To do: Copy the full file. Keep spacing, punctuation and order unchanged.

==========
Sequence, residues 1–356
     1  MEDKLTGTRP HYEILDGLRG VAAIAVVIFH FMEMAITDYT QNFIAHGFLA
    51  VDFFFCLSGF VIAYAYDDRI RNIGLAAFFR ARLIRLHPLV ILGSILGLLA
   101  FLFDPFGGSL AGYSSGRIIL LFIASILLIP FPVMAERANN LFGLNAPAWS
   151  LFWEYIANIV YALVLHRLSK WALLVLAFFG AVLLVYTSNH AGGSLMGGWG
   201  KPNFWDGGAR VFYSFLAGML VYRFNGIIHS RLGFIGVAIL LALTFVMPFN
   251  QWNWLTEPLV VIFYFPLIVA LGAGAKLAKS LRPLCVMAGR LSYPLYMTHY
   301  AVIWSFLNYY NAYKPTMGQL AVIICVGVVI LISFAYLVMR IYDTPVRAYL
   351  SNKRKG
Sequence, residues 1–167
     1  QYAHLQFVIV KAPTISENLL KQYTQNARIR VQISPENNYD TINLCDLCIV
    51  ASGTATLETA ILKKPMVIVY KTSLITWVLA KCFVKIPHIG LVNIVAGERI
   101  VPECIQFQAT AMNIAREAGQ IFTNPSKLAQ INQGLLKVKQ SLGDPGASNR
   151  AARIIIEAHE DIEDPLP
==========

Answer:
Sequence, residues 1–356
     1  MEDKLTGTRP HYEILDGLRG VAAIAVVIFH FMEMAITDYT QNFIAHGFLA
    51  VDFFFCLSGF VIAYAYDDRI RNIGLAAFFR ARLIRLHPLV ILGSILGLLA
   101  FLFDPFGGSL AGYSSGRIIL LFIASILLIP FPVMAERANN LFGLNAPAWS
   151  LFWEYIANIV YALVLHRLSK WALLVLAFFG AVLLVYTSNH AGGSLMGGWG
   201  KPNFWDGGAR VFYSFLAGML VYRFNGIIHS RLGFIGVAIL LALTFVMPFN
   251  QWNWLTEPLV VIFYFPLIVA LGAGAKLAKS LRPLCVMAGR LSYPLYMTHY
   301  AVIWSFLNYY NAYKPTMGQL AVIICVGVVI LISFAYLVMR IYDTPVRAYL
   351  SNKRKG
Sequence, residues 1–167
     1  QYAHLQFVIV KAPTISENLL KQYTQNARIR VQISPENNYD TINLCDLCIV
    51  ASGTATLETA ILKKPMVIVY KTSLITWVLA KCFVKIPHIG LVNIVAGERI
   101  VPECIQFQAT AMNIAREAGQ IFTNPSKLAQ INQGLLKVKQ SLGDPGASNR
   151  AARIIIEAHE DIEDPLP